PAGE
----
Imagine what it must have been like when the first phonograph or gramophone entered a family's house at the turn of the 20th century. For the first time in human history, on-demand access to music by the world's most popular artists was available. Instead of having to travel to an opera house, you could summon stars like Enrico Caruso to perform in your home at any time of day or night. It was divine.
And other developments were forthcoming. After the First World War, radio emerged, bringing not only music, but also news and a wide range of entertainment from around the world into the house. It could not be any better than this, correct?
Nevertheless, technology continued to produce wonders. In June 1948, the 33 1/3 RPM long-playing album was introduced, allowing listeners at home to enjoy up to 22 minutes of continuous music by the world's top musicians. In the 1950s, FM radio with its high-fidelity transmission began to gain popularity, followed by a passion for high-end home audio equipment. This was quickly followed by the 8-track and cassette (personal music on the move, including in the vehicle! ), which were replaced by the compact disc, a high-tech plastic disc that promised flawless sound forever. At that time, we were confident that we had reached the maximum possible level of quality and convenience in terms of music consumption.
During the 1990s, the internet ushered in the digital era. With the advent of Napster and similar services in 1999, we were suddenly able to access all the music we desired at any hour of the day for FREE. If we desired to be a bit more conscientious, there was always the iTunes Music Store, which provided inexpensive, legal downloads from a selection that was constantly expanding. And all of these digital materials could be burned onto a CD-R for the car or loaded onto a portable device that would never skip regardless of how much it was shaken. (I recall impressing my neighbor with an RCA Lyra that could store — scream! — sixty minutes of music!)
With the introduction of the iPod Classic and its 160 GB hard drive, it became possible to carry approximately 40,000 songs in a device the size of a deck of cards. What could possibly be better than this?
Yet it did. While people started purchasing iPod Classics in 2009, a new phenomenon called streaming was gaining traction. Starting with Rhapsody in 2001 and bursting with the introduction of Spotify in 2008, these new companies promised access to millions, then tens of millions of music for practically free. A tune is currently playing in your brain. If you have an internet connection, you can begin listening in seconds.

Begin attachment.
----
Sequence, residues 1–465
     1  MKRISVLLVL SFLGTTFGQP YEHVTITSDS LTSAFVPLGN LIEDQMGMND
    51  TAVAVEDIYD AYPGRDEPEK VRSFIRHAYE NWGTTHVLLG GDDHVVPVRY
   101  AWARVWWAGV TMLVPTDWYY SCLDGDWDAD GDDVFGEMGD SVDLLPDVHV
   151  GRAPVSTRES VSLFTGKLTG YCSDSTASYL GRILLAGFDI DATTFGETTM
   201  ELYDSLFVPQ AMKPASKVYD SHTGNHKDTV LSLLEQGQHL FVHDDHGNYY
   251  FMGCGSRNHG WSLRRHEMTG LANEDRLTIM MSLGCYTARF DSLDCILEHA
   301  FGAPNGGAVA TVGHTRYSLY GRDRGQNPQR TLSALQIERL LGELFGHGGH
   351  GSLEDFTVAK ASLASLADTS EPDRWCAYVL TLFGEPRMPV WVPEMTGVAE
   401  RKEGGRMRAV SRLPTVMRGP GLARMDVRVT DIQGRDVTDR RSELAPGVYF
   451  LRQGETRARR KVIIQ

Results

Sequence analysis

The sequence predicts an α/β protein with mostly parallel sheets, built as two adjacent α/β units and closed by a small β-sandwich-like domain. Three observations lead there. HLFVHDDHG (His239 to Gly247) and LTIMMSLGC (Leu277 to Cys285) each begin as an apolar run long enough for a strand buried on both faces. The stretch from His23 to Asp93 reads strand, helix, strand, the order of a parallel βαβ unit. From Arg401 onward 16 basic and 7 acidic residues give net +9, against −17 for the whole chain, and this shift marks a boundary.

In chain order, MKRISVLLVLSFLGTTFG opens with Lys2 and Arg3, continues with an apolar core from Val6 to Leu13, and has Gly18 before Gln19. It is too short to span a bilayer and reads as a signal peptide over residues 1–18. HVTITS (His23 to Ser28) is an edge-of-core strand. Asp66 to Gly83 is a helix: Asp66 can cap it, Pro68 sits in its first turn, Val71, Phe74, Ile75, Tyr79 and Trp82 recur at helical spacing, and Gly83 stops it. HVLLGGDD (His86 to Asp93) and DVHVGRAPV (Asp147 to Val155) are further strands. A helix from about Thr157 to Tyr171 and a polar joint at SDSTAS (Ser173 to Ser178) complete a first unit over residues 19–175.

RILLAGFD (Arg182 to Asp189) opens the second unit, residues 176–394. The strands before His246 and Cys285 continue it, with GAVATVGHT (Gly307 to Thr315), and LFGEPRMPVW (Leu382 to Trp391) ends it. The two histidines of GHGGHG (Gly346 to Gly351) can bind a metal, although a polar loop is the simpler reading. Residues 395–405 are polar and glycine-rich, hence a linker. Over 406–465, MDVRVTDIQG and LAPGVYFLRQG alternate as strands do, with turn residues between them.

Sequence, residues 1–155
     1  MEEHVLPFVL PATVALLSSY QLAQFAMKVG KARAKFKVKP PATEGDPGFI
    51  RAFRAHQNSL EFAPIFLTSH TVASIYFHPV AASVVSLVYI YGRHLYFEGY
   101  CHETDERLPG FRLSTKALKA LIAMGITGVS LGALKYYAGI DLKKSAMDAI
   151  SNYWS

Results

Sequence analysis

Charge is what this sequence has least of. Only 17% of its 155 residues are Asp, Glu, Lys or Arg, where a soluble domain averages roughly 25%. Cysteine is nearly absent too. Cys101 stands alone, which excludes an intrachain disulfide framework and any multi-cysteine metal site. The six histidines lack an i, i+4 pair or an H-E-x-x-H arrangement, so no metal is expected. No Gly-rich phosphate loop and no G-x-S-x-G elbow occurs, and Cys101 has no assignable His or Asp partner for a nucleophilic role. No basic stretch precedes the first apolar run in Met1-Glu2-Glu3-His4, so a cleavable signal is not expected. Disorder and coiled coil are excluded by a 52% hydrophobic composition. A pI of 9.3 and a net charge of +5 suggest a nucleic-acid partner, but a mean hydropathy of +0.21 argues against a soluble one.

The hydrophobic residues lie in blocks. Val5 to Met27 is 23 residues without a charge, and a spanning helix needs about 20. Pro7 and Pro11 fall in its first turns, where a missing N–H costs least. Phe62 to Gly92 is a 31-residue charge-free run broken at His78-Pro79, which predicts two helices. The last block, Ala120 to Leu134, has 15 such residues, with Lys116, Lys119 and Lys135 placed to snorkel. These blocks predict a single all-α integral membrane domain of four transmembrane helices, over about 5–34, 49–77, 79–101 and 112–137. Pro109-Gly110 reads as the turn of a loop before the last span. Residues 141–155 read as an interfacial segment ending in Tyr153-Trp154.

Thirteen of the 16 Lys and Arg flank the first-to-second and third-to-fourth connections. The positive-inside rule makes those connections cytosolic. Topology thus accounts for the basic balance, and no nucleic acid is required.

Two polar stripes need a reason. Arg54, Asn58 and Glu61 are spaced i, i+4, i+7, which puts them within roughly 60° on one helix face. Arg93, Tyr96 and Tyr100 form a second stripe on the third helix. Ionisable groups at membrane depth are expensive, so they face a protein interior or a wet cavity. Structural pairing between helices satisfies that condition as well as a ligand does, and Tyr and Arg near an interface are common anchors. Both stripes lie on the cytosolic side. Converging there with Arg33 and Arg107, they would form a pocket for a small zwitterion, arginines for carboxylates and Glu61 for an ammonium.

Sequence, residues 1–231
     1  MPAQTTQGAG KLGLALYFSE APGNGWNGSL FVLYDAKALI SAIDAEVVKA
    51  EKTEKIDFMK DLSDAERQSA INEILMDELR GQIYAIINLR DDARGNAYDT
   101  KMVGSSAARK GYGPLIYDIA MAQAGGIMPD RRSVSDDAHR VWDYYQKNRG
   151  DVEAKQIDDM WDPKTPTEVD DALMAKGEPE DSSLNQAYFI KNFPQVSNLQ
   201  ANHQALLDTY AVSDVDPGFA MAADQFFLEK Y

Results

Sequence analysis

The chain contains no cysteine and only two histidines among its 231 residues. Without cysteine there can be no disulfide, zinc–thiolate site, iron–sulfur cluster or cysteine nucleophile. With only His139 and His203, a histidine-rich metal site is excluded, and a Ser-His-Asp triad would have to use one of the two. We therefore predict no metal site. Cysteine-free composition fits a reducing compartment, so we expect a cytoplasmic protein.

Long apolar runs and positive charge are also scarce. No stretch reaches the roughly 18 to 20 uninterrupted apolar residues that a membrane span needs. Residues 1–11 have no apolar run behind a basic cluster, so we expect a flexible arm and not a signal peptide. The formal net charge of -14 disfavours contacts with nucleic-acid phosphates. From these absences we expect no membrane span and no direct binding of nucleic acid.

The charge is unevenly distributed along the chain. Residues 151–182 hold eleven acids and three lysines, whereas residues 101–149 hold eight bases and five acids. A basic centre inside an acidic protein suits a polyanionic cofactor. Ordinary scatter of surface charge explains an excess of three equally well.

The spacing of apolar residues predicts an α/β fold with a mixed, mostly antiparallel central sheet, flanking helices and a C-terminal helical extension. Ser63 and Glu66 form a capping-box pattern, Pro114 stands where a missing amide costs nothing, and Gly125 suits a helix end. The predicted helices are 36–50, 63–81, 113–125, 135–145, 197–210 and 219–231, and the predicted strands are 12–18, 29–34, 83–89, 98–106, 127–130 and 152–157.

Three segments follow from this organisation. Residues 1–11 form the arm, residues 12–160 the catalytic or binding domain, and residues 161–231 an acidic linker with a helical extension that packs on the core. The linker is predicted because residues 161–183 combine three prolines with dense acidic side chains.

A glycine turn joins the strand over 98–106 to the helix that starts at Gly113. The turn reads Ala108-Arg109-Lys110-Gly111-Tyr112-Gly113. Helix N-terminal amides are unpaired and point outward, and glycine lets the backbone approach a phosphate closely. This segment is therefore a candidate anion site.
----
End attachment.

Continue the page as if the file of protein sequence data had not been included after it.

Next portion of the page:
Twenty years ago, what exists today was considered science fiction. In reality, we now take it for granted that we may listen to any music created by humans – around 75 million songs and counting — whenever, whenever, and on whatever device we choose. The peak of music consumption has been attained.
Already, scientists and engineers are attempting to eliminate the need to carry headphones or earbuds. Imagine, for a moment, that you could have a tiny device the size of a decorative stud implanted just behind your ear at a tattoo parlour, similar to how you would get your ears pierced. Using the concepts of bone conduction, which is currently a reality in military-grade headsets and commercial headphones, audio is beamed straight into the skull through a pocket-sized device. You hear the audio (music, a phone conversation, etc.), but because your ears are otherwise unoccupied, you can also clearly hear what is happening in the surrounding environment.
Next would be eliminating the requirement for any external device. Could our bodies be transformed into walking antennae? Or, what about having a personal algorithmic editor that serves up stuff based on how we're feeling or (dare I say) thinking? This topic has already been explored in a number of science fiction novels. I wouldn't write it off. With its patents on mood analysis, Spotify is already working in this route.
Elon Musk owns a company called Neuralink that investigates brain-computer interfaces, or implants. A device the size of a coin, intended to be implanted in the skull a few millimeters from the brain, is being evaluated. Musk envisions these implants as treatments for a variety of medical problems, but what's to say they couldn't also be utilized as audio entertainment receivers?
Fine. However, what about visual amusement? I would not exclude smart eyewear. Google Glass was intriguing but failed to catch on with consumers for a variety of reasons; nonetheless, its Enterprise Edition has found a place in organizations where hands-free tasks are crucial. The corporation is conducting extensive research and development in this area in preparation for competition from Apple, which is developing a pair of glasses-like wearables that could be released next year.
If the public accepts such glasses, pay close attention to them. Hands-free and completely transportable video entertainment, augmented reality, virtual reality, live streaming, and gaming will be ubiquitous. When this is combined with an external device (or, much better, an implant), the possibilities are unlimited.